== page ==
The research for Marakkar, Ani recalls, was overwhelming and considerably dicey given that Kunjali Marakkar was portrayed differently in every historical account they could get their hands on. The film was initially supposed to be co-written by another veteran, T Damodaran, who had given Priyadarshan a lot of material on Kunjali Marakkar. Marakkar was supposed to be the duo's next big project after Kaalapani. "But even in those materials, the information was limited," observes Ani. "We had to deal with contrasting views. The Portuguese account was different from the Malabar one. While we came across some contrasting incidents in some areas, the 'facts' in others confused us. Because of that, we took creative liberties to make it suitable for a cinematic interpretation. There is a disclaimer at the opening of the film that states it's a fictional take."
On why the 4th Marakkar, essayed by Mohanlal, was deemed a worthy subject instead of the three that preceded him, Ani remarks that his history was the most interesting one. "It's because everything ended with him. Comparatively, we knew more about him than the others. He was the one who brought in a lot of strategies and all that. And he is the one who got betrayed the most."
Ani sees Priyadarshan as an unhinged visionary. "He loves creating new worlds. He just goes with the flow," adds Ani, who was careful not to have too many visual or shot descriptions in the script. "With Priyan sir, you only need to be concerned about the characters, their dynamics and dialogues. As for the visuals, he is someone capable of conjuring up something while on the set. You see, only he can do that because he has got the experience. I can't. I need every little detail in my scripts. If I did that with Priyan sir, I might obstruct his vision," he laughs.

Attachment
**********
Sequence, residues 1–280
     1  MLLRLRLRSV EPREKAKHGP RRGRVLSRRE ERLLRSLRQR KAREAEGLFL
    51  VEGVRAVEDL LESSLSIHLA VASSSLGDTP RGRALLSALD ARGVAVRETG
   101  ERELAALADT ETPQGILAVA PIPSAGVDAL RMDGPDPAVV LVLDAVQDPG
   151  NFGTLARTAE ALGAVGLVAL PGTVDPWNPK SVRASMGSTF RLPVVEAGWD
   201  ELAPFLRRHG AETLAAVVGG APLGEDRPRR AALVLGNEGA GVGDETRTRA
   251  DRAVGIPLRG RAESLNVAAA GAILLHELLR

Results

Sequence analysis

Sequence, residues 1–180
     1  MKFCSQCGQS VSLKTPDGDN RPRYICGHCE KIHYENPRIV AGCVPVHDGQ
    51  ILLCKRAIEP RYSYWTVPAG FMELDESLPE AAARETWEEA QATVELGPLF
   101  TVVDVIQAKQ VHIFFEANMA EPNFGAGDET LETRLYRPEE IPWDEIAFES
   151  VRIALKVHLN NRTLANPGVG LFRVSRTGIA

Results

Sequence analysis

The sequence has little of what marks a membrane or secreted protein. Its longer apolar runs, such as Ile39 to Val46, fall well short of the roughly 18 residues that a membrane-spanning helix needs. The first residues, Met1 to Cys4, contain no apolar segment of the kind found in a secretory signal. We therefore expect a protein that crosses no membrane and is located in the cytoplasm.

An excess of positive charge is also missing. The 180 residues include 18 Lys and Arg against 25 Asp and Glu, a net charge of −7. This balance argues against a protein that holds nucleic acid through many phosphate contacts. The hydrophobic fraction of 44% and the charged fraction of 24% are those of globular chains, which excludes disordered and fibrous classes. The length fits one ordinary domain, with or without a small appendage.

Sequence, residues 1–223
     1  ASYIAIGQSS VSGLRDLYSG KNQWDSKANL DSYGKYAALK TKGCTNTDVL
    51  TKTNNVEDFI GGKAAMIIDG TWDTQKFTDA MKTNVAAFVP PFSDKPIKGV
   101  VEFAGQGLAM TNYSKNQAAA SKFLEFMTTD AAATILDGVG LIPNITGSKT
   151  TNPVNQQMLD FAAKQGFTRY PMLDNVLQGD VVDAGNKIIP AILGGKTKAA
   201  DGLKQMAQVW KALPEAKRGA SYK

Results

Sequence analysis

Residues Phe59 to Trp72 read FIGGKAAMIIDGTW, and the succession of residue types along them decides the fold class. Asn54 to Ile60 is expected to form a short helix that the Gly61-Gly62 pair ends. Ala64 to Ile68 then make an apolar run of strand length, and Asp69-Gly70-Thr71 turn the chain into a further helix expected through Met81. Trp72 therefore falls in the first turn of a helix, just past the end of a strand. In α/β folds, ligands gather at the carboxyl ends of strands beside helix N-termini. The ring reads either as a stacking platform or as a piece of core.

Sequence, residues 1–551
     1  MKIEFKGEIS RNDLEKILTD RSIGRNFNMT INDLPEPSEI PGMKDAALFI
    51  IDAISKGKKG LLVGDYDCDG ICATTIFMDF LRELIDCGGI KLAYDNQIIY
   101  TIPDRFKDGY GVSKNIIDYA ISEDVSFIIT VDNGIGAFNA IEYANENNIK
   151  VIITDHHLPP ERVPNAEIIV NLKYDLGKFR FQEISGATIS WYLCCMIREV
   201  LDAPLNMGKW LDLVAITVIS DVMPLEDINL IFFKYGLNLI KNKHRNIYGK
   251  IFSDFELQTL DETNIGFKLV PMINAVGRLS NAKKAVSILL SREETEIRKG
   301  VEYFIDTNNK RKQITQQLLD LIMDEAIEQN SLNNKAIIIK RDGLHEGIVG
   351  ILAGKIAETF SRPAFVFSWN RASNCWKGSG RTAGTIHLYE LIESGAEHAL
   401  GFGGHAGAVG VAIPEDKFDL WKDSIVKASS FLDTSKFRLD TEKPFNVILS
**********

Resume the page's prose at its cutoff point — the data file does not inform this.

Given the enormous scale of the film, I asked Ani if they managed to give every character a deserving space amidst all the spectacle. "Well, I hope all the characters stand out. But ultimately, this is the story of Marakkar more than anyone else, so we didn't want to risk losing the focus to anyone else. The spectator is supposed to connect to him and his perspective more."
Like many of us who feared that Marakkar would premiere on an OTT platform, Ani, too, had similar concerns. He is relieved that it's finally coming to the big screen on December 2. "I can't imagine watching a film of this magnitude on a small screen. Marakkar has an intricate audio-visual design. You need an ATMOS—or at least a 5.1 or 7.1 system—and a bright projector to experience something like that. Sitting in the electrifying atmosphere with a lot of people... you can't replicate that experience at home even if you are with your entire family."
Marakkar managed to grab three Kerala state awards and three National awards even before release. While Ani finds these accolades encouraging, he believes it's the reception of the audience that matters above all else. "I hope it lives up to their expectations," he concludes.